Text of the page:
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Think conspiracy theorists live on the fringes? Think again!

Monday, March 24, 2014
posted by Rita Handrich

not-a-conspiracy-theorist

Amazingly, a study published in a highly respected medical journal (as opposed to, say, a Bigfoot site) found that 49% of those living in the United States believe at least one medical conspiracy theory. That’s only where it starts–18% believe in three or more. Wow. 

The researchers wondered if US residents believe the public health conspiracies that have flourished over the past 50 years (over issues such as “water fluoridation, vaccines, cell phones and alternative medicine”). A “nationally representative, online survey sample of 1,351 adults” was gathered in 2013 by a market research company (YouGov). Here are the conspiracies about which they surveyed:

The Food and Drug Administration is deliberately preventing the public from getting natural cures for cancer and other diseases because of pressure from drug companies. [63% had heard of this theory and 37% believe it.]

Health officials know that cell phones cause cancer but are doing nothing to stop it because large corporations won’t let them. [57% had heard it and 20% believe it.]

The CIA deliberately infected large numbers of African Americans with HIV under the guise of a hepatitis inoculation program. [32% had heard it and 12% believe it.]

The global dissemination of genetically modified foods by Monsanto Inc is part of a secret program, called Agenda 21, launched by the Rockefeller and Ford Foundations to shrink the world’s population. [19% had heard it and 12% believe it.]

Doctors and the government still want to vaccinate children even though they know these vaccines cause autism and other psychological disorders. [69% had heard it and 20% believe it.]

Public water fluoridation is really just a secret way for chemical companies to dump the dangerous byproducts of phosphate mines into the environment. [25% had heard it and 12% believe it.]

Overall, 49% of the nationally representative sample endorsed 1 conspiracy theory and 18% endorsed a belief in at least 3 of the proffered theories. The authors say if you believe in either 0, 1 or 2 of these conspiracies you would be considered a “low conspiracist” and if you believe in 3 or more of these conspiracies they would consider you a “high conspiracist”. Okay. We might categorize them a little differently but certainly agree that the more conspiracy theories you agree with, the more extreme your behaviors. Right?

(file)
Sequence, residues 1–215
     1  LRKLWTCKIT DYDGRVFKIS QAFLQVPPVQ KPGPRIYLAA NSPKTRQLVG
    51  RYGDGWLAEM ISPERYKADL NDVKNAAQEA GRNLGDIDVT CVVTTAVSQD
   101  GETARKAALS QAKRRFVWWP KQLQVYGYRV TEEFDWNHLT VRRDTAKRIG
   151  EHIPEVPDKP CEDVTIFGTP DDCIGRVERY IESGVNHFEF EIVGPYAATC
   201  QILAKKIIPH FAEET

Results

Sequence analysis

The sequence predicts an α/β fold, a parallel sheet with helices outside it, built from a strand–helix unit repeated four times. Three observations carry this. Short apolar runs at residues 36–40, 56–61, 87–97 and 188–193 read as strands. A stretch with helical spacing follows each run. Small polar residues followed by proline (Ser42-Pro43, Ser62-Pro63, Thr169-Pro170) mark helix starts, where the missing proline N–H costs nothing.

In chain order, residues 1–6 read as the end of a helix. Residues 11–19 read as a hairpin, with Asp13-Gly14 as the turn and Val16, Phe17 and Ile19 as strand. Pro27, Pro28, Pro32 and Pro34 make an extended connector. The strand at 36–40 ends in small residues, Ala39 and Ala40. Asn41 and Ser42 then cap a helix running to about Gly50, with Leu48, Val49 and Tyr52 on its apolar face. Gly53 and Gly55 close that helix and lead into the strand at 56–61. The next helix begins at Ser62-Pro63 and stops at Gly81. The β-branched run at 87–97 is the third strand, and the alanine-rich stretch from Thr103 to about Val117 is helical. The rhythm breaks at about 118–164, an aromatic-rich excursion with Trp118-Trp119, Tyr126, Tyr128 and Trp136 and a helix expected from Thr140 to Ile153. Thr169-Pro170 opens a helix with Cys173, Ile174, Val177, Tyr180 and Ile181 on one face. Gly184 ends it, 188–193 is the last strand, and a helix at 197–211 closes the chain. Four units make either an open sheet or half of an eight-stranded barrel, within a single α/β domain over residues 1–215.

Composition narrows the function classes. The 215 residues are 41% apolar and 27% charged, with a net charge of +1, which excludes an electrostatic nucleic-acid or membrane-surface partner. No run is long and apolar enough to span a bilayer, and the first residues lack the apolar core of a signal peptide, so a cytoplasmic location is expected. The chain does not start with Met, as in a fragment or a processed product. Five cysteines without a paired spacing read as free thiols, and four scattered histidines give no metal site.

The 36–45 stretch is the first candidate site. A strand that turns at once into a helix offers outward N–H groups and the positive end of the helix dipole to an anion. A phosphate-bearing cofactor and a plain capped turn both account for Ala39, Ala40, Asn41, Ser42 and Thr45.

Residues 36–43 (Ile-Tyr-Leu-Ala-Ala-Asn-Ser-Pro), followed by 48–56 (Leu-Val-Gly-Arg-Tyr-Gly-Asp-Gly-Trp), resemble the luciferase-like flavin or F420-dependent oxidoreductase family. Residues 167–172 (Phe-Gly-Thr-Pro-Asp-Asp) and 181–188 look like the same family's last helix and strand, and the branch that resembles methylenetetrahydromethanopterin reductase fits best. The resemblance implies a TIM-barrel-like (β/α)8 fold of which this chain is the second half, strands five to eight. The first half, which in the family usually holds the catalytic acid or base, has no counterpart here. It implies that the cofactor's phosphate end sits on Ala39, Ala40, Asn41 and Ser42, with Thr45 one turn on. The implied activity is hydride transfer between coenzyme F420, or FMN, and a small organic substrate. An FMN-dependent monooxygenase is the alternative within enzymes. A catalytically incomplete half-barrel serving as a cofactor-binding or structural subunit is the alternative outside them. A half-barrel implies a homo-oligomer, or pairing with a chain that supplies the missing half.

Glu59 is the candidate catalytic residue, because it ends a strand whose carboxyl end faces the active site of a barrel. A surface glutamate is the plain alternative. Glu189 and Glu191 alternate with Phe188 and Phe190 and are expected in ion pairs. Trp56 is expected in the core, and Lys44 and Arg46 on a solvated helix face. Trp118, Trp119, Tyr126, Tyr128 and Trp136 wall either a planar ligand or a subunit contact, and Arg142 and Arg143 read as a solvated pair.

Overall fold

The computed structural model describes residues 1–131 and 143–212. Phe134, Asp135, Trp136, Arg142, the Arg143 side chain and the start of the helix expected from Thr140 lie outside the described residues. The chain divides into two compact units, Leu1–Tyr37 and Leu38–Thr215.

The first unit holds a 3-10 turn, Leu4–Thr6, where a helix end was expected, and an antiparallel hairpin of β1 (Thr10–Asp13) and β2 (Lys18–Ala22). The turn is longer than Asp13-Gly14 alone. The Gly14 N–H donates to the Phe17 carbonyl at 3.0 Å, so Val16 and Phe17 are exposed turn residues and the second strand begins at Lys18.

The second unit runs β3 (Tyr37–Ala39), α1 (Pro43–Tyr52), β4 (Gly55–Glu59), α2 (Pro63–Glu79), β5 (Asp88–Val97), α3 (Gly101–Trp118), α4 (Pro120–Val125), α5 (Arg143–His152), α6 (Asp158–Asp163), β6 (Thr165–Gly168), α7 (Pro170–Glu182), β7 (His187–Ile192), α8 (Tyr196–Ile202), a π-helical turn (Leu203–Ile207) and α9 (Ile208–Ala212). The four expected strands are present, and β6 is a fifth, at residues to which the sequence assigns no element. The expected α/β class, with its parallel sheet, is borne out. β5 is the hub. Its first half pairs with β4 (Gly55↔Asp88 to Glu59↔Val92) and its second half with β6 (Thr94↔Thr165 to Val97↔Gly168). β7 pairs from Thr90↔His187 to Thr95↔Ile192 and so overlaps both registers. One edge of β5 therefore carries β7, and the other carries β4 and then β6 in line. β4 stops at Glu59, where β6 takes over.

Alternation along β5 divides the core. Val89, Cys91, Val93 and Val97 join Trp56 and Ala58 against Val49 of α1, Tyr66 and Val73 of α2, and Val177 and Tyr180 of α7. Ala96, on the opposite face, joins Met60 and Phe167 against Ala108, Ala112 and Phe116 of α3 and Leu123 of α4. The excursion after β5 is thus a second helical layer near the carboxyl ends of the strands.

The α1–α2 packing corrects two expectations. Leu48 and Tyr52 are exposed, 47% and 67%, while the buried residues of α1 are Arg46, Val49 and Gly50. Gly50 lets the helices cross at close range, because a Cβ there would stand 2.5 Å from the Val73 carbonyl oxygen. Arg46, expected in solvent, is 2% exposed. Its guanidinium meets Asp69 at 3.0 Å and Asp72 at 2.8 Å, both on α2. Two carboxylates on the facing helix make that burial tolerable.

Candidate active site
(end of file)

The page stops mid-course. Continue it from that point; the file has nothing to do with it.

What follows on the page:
But these skeptical citizens don’t display extreme conspiracy-nut behaviors when you consider their beliefs about public health conspiracies. “High conspiracists”, according to this research, are simply more likely to buy farm stand or organic foods and use herbal supplements, and are less likely to use sunscreen, get flu shots or have annual checkups with a medical doctor. The authors conclude we should look at people who believe in conspiracy theories as “otherwise normal”.

“Although it is common to disparage adherents of conspiracy theories as a delusional fringe of paranoid cranks, our data suggest that medical conspiracy theories are widely known, broadly endorsed, and highly predictive of many common health behaviors. Rather than viewing medical conspiracism as indicative of a psychopathological condition, we can recognize that most individuals who endorse these narratives are otherwise ‘normal’ and that conspiracism arises from common attribution processes.”

Recently we published information on how much Americans (and Europeans for that matter) really do know about science and technology. Viewed through that lens, this report about broad-based beliefs in public health conspiracies is not surprising. But knowing that in a venire of 50 prospective jurors there are, on average, 9 (18%) who are reluctant to believe government reports or studies related to life-and-death issues needs to be considered by anyone relying on government data. Your experts may be starting out in a very deep credibility hole with a lot of your finders of facts.

Oliver JE, & Wood T (2014). Medical Conspiracy Theories and Health Behaviors in the United States. JAMA internal medicine PMID: 24638266

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